The Great Divide

By Brown, Craig | Teaching Business & Economics, Spring 2018 | Go to article overview

The Great Divide


Brown, Craig, Teaching Business & Economics


A LEVEL ECONOMICS The Great Divide by Joseph Stiglitz, Allen Lane, 2015, paperback, £8.26 from Amazon, ISBN: 978 0241202906.

First published in 2015 but published by Penguin Books in 2016, this book by the Nobel Prize winning economist and the world's foremost critic of economic and political inequality contains a collection of over 50 previously published articles on the theme of economic and political inequality. The articles (under 10 pages long on average), which generally cover the period of the 2007 recession and beyond, consider the dimensions of inequality, the causes of America's growing inequality, the consequences of inequality and policy prescriptions. Although regional perspectives are also considered, the articles are mainly focused on the United States of America.

I would strongly recommend this book to teachers of Economics for a number of reasons. As the articles are relatively short, they can easily be set as background reading for pupils. The articles are probably best read individually, as opposed to reading through the entire book. (There is a degree of overlap across some of the articles.) The fact that the articles were previously written for an assortment of periodicals and newspapers makes them extremely accessible for pupils. Textbooks tend to offer a fairly predictable analysis of inequality and fail to delve into the depths of this, arguably one of the most serious issues of our age. Stiglitz identifies inequality of opportunity as a particular tragedy, preventing many of the poorest in society from equal access to health and education. Particular emphasis is placed upon the interrelationships between inequality of opportunity, economic inequality and political inequality.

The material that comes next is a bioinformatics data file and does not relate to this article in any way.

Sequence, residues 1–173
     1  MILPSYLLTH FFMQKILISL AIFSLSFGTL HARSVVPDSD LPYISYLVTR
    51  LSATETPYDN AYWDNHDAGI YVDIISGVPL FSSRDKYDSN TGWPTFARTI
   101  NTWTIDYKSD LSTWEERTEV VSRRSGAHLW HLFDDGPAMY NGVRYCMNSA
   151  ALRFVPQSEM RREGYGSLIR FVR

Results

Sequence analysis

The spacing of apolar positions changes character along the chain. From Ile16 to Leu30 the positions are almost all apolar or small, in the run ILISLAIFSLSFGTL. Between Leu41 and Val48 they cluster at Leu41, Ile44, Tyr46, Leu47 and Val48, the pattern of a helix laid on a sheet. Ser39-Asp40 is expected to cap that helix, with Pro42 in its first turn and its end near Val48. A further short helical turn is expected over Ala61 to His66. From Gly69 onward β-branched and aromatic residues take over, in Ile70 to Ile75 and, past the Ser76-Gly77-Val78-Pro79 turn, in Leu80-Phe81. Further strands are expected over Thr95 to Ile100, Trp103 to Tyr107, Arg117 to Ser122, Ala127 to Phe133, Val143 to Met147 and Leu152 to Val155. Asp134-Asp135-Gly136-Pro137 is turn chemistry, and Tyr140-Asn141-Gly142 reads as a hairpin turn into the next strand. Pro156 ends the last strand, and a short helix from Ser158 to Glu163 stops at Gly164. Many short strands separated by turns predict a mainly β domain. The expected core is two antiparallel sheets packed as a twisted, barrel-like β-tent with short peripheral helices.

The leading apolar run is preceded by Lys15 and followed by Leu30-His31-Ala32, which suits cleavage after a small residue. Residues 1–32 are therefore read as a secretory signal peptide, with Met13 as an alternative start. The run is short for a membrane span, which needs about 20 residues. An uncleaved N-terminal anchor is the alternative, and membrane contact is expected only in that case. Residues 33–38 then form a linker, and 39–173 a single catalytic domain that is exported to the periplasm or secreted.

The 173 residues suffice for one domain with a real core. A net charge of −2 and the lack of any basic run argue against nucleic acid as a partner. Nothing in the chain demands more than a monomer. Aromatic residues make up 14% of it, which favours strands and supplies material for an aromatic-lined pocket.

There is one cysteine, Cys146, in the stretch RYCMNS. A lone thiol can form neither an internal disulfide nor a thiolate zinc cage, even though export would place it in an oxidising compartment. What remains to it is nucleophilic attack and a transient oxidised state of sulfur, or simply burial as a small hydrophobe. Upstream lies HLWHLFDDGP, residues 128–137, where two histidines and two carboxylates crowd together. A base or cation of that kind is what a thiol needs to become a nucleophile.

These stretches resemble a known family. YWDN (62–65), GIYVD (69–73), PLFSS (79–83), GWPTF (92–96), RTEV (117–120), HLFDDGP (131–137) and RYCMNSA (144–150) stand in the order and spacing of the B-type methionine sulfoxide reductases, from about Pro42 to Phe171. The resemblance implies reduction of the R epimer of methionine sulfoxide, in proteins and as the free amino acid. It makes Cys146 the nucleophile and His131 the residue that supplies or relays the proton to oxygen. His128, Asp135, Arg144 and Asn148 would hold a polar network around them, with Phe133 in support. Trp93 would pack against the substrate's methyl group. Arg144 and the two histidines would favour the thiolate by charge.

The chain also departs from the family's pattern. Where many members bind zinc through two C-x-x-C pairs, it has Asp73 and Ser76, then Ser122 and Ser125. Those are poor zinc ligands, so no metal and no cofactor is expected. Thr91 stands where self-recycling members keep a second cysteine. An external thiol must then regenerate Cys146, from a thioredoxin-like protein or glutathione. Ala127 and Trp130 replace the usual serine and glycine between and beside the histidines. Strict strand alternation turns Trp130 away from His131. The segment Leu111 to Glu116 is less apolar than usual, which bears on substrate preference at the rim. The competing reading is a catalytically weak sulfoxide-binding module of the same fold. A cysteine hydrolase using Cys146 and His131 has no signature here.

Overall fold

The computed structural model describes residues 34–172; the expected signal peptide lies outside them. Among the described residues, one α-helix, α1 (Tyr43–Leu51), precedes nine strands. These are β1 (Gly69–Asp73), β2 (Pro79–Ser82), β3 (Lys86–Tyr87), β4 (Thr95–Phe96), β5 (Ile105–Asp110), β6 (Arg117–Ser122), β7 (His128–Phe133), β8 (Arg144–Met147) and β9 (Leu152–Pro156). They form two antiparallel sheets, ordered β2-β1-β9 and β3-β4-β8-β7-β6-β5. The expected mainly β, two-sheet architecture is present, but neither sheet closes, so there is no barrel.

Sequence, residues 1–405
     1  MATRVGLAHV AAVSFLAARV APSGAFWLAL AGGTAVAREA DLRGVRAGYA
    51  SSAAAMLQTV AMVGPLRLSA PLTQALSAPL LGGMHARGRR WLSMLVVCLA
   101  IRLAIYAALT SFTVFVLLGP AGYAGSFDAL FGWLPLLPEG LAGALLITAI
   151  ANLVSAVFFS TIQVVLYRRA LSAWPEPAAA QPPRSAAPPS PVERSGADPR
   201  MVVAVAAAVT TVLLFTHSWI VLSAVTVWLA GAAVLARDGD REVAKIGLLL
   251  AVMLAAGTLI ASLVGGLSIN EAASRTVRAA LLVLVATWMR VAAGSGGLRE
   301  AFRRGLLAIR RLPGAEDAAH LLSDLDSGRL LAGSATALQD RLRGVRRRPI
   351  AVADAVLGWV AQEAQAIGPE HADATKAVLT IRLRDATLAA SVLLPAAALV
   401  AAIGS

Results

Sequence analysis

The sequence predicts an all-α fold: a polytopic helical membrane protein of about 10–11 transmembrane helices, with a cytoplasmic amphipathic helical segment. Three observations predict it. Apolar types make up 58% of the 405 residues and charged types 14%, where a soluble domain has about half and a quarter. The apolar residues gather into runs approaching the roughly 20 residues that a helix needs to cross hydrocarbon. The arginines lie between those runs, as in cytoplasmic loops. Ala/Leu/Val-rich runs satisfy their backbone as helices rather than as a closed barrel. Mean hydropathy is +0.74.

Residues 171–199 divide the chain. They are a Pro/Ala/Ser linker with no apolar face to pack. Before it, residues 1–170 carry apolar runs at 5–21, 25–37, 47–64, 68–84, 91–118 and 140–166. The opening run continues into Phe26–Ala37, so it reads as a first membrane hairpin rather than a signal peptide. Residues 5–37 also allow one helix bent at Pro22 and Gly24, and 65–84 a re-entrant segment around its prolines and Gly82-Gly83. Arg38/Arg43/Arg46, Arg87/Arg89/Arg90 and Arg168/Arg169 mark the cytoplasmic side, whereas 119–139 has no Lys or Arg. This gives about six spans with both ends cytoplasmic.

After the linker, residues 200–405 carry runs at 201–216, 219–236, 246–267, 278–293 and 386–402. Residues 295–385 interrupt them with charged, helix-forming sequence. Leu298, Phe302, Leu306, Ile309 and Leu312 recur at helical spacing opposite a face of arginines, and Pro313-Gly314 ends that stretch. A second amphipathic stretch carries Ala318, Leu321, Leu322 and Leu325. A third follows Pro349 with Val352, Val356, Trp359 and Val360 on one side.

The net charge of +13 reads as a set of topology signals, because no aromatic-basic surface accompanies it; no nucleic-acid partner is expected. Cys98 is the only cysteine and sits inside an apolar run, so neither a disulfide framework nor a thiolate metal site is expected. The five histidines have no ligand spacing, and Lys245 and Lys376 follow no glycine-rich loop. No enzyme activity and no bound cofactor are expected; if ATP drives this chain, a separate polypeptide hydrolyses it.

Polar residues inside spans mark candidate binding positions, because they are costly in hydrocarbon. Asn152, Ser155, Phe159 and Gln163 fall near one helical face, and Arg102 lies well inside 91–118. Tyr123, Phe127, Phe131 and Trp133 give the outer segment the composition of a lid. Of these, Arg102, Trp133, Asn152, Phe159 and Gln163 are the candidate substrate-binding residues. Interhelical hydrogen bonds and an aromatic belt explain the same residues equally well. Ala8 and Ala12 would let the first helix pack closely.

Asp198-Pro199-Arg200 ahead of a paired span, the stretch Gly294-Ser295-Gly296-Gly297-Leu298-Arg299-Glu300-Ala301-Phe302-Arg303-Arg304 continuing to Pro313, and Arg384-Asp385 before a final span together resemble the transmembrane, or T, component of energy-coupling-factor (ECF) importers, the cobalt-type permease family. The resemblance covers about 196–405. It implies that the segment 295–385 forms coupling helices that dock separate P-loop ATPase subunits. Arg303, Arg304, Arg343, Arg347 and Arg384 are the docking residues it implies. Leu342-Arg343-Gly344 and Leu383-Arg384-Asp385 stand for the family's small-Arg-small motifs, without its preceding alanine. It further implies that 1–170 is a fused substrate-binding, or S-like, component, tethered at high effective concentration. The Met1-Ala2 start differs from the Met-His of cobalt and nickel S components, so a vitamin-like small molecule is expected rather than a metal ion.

Stiglitz does not hold back when confronting the extent to which politics has become corrupted through the large political donations which all too frequently see economic policies benefiting the richest and harming the poorest in society. He is very clear that the current American capitalist economy is not some natural force but rather a system created by the policies which have been actively pursued by successive governments, especially since the Reagan administration. Students will find his analysis of the great recession particularly damning, both in terms of the unethical practices deployed by financial institutions, often unfairly hurting the poorest, as well as the political interventions which saw, as he refers to it, a kind of 'ersatz capitalism' in which losses were socialised and profits privatised. …

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